“Prior to the Initiative … we had a lot of people who were using it for spiritual and personal exploration or recreational use,” Psychedelic Club of Denver co-founder Kess Hirsheimer told Filter. “But following the initiative there’s a lot more clinical questioning about psilocybin. People are asking, ‘How can this help with my depression or anxiety or physical pain?’”
She described the club’s approach as providing “objective awareness.” No two trips are ever the same, so people benefit from listening and learning from each other. But since decriminalization, the focus of conversations at the meetings is changing.
In addition to seeing a higher demand for psychedelic research, Hirscheimer has met people who have moved to Denver specifically because of psilocybin decriminalization. But there’s no indication yet that it’s shifted the narrative around more stigmatized drugs. Even the psilocybin review board is omitting broad drug decriminalization in its recommendations.
“There’s quite a lot of buzz around drug decriminalization in Colorado, and it’s such a controversial topic,” Hirscheimer said. “It does sometimes become ‘psychedelic exceptionalism,’ where people say it’s okay to use mushrooms or LSD, but it’s not okay to use heroin or meth.”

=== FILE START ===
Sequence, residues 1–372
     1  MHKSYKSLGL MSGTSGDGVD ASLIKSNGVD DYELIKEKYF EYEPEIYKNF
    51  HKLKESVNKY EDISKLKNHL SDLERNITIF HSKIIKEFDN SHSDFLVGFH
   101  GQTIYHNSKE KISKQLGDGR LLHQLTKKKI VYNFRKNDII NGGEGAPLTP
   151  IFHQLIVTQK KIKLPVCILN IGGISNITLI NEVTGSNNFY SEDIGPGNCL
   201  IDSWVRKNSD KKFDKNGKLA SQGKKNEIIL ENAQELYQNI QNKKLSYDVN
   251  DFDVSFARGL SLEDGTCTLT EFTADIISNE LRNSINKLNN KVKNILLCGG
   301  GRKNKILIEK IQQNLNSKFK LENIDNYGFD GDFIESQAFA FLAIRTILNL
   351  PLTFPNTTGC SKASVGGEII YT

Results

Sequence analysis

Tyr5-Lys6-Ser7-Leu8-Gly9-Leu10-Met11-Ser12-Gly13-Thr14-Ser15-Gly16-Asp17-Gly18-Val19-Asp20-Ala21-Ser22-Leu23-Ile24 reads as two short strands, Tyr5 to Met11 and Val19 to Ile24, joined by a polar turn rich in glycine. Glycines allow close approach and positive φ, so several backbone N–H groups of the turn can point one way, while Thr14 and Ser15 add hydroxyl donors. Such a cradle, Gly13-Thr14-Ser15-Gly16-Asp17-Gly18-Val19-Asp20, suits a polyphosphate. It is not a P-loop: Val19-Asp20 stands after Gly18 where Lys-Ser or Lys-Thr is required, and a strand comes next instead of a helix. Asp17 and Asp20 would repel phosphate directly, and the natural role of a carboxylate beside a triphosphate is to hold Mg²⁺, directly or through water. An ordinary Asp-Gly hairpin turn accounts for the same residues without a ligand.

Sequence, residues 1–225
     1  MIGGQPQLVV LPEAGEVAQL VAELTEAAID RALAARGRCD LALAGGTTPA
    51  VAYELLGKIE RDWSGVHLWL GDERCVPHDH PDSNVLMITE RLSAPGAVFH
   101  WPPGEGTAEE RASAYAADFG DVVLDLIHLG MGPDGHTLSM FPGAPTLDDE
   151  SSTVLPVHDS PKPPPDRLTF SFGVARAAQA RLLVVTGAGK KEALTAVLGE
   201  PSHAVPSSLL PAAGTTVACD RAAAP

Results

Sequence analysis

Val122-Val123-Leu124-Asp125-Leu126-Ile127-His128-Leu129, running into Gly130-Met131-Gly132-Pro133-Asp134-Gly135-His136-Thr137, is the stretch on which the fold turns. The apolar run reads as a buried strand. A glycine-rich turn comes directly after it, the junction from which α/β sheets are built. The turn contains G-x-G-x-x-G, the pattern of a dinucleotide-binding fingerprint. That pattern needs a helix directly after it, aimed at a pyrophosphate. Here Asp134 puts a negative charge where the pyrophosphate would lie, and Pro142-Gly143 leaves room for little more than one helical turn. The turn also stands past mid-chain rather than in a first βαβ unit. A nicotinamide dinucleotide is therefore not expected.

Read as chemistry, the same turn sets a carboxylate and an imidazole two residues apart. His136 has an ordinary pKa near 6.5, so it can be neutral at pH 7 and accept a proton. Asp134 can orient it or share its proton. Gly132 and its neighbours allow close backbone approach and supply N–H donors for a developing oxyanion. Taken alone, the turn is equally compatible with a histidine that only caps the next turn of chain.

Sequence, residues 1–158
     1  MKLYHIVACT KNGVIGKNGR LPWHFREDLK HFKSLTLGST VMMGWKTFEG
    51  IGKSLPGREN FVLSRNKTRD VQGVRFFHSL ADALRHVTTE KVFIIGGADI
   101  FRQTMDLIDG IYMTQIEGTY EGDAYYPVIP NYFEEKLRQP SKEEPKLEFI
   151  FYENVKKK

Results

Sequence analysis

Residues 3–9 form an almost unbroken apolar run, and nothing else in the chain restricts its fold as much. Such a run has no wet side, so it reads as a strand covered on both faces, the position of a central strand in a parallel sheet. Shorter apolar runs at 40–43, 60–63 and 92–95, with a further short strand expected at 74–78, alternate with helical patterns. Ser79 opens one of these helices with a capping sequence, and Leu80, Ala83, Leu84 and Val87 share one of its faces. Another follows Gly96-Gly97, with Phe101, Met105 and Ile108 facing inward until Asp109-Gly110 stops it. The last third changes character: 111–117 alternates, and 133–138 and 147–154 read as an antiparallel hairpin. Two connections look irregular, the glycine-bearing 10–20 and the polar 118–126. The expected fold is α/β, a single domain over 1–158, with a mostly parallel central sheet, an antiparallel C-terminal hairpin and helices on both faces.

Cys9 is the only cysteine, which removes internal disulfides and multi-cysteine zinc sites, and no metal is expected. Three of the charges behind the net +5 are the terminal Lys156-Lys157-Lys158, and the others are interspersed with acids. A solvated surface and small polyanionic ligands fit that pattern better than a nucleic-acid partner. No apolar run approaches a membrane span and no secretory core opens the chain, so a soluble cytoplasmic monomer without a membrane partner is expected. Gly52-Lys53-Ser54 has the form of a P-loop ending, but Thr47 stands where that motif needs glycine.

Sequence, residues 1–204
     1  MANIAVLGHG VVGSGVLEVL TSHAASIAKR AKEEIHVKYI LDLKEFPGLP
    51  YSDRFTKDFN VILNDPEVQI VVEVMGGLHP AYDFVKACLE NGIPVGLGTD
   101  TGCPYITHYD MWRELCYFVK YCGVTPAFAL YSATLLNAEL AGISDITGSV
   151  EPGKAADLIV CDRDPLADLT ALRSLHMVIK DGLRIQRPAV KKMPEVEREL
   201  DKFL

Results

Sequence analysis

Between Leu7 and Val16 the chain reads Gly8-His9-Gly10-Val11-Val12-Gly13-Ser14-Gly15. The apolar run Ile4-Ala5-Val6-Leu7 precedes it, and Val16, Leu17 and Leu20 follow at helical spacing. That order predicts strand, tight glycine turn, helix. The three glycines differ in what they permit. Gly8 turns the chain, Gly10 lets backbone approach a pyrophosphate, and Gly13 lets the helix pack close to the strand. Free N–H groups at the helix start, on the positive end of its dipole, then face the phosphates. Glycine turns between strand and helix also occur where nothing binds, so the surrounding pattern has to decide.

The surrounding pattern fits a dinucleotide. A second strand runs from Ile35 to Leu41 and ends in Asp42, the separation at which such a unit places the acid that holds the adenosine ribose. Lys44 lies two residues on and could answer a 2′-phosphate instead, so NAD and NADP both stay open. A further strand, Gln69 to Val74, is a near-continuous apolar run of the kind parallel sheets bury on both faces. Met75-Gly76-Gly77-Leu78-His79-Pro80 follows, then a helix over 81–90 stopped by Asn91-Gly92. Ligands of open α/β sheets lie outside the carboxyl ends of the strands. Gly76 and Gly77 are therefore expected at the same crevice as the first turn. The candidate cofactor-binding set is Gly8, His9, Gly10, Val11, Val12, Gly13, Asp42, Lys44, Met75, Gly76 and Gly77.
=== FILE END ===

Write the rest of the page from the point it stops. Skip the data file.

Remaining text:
The Decriminalize Denver ballot initiative text states that “psilocybin is associated with decreased risk of opioid abuse and dependence.”
Psychedelics, and psilocybin in particular, have been shown to have promising applications for people who problematically use substances including alcohol, tobacco and opioids. Does decriminalization mean easier access for people to self-treat?
“As cities and eventually states decriminalize it, it becomes safer for people to experiment with these things,” Tatiana Quintana, an organizer for Decrim Nature Seattle, told Filter. “You can cultivate them, and they can be easily shared in community.”